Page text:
For a recipe that has only five ingredients, this Roman pasta dish is crazy-delicious, the kind of late-night, empty-fridge recipe that dreams are made of. And while it has few ingredients, the success of the dish relies almost totally on technique, and it may take you a few attempts to perfect it. But once you’ve mastered it, this recipe—made entirely with things you probably always have on hand—is yours forever.
Rather than drain the pasta through a colander when it’s ready, I use tongs to transfer it directly from the water to the pan containing the butter and toasted black pepper, then I add the Parmigiano and toss. Some of the cooking water clings to the noodles and the pot is at my elbow if I need to add a bit more of that starchy water to help the butter sauce emulsify. The amount of pasta water to add depends on the brand of dried pasta you’re using; it gets easier to figure out with experience. You want to add enough to aid the melting of the hard cheese but not so much that the sauce becomes watery; the goal is a bowl of al dente noodles cloaked in a creamy sauce made from the combination of butter, cheese (I use a mixture of Parmigiano-Reggiano and Pecorino Romano), and that starchy pasta cooking water.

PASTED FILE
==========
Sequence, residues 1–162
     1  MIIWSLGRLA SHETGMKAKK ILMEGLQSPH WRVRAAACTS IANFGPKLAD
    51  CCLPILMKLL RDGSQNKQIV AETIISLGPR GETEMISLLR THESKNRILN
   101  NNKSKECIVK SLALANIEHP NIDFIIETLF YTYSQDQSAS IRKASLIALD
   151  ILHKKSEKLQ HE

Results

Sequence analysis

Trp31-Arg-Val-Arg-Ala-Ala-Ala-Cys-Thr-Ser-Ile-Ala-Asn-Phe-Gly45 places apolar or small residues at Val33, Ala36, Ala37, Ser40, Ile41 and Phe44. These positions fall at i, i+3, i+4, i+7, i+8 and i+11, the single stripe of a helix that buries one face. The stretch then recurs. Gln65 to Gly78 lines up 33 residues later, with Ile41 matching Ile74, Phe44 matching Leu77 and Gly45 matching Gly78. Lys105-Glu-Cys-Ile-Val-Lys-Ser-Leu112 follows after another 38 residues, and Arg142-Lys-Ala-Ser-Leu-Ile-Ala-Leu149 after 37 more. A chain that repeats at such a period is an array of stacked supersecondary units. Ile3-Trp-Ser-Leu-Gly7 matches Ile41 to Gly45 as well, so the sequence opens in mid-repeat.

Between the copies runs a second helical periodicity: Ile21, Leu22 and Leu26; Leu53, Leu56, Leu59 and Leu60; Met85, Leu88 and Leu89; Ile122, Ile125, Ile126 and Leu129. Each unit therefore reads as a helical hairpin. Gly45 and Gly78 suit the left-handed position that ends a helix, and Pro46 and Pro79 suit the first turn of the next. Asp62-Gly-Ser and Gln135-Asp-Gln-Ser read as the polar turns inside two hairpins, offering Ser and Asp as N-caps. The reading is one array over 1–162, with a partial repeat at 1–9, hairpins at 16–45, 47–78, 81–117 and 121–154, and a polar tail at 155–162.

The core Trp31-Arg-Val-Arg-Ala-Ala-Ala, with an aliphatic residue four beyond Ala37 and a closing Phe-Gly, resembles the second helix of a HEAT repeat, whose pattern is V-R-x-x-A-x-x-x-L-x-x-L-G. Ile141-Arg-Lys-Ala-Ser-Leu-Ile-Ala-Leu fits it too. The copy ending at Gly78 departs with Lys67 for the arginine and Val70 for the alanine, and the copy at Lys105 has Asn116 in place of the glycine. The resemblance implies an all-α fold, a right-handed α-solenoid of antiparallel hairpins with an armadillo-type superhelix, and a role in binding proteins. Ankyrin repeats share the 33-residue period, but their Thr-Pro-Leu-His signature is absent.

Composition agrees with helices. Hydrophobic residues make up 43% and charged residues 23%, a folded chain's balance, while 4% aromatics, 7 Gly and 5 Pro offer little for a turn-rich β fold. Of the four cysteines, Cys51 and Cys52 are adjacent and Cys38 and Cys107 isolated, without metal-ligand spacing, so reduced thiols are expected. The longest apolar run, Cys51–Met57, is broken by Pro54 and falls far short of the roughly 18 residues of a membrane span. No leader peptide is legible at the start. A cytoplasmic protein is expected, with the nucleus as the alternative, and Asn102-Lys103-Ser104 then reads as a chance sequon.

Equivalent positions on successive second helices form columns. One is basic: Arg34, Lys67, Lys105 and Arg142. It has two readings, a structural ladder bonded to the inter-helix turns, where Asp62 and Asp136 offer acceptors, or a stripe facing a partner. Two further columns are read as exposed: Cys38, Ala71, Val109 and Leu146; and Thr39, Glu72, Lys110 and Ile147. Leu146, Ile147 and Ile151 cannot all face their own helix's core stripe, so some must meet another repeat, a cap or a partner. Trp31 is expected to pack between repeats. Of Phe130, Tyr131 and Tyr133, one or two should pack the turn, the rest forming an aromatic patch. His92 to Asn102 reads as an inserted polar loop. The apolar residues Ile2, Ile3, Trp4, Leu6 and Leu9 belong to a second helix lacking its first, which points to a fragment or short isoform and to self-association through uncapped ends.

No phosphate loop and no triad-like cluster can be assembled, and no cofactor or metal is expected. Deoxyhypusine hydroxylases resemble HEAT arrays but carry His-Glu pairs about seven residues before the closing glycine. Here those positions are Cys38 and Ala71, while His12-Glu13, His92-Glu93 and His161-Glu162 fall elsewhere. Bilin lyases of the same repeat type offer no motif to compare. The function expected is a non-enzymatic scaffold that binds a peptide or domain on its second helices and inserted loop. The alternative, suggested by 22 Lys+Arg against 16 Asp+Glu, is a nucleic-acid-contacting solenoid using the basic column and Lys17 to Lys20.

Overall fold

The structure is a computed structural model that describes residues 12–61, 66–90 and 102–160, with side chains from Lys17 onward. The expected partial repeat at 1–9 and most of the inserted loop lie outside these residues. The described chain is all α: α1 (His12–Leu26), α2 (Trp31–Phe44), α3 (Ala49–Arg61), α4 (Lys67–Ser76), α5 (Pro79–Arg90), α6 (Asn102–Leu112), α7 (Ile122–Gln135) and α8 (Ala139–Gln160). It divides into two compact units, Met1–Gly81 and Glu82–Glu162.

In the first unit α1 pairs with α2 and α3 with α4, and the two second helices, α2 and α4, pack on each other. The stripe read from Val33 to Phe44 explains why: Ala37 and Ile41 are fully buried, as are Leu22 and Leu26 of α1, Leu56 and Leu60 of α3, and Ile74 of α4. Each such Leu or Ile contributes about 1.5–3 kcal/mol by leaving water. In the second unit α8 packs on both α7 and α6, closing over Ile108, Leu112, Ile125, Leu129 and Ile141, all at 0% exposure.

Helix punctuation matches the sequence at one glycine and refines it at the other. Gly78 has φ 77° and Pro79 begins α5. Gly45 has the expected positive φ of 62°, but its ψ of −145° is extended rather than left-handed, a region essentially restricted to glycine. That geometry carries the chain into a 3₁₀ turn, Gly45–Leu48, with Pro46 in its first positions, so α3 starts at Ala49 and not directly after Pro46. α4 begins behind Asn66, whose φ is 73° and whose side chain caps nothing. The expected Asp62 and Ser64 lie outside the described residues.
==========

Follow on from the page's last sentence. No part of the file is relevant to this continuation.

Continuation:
I like the Rustichella d’Abruzzo brand of dried pasta. If you can’t find it, look for another Italian brand that is extruded through bronze dies (the label will likely boast of this), which gives the exterior of each noodle a rougher texture, something the sauce can cling to. —Jessica
Bring a large pot of salted water to a boil; add the pasta and cook until al dente.
Meanwhile, melt the butter in a heavy frying pan over medium heat. Add the pepper and cook, swirling the pan, until it begins to sizzle, about 1 minute. Set aside.
When the pasta is al dente, use tongs to transfer it to
the frying pan and place the pan over low heat (keep the pot of pasta water nearby: you may need it). Add the Parmigiano and 1/2 cup of the pasta cooking water to the frying pan and, with tongs, immediately toss the pasta until the cheese melts; you want to keep everything moving so the cheese doesn’t sink to the bottom of the pan and start clumping. If a film of cheese begins to form on the bottom of your pan, reduce the heat and continue tossing. Add more pasta cooking water as necessary; the sauce should be creamy and emulsified and coat each strand of pasta.
Remove from the heat, stir in the Pecorino, and toss to coat. Transfer to bowls and serve hot.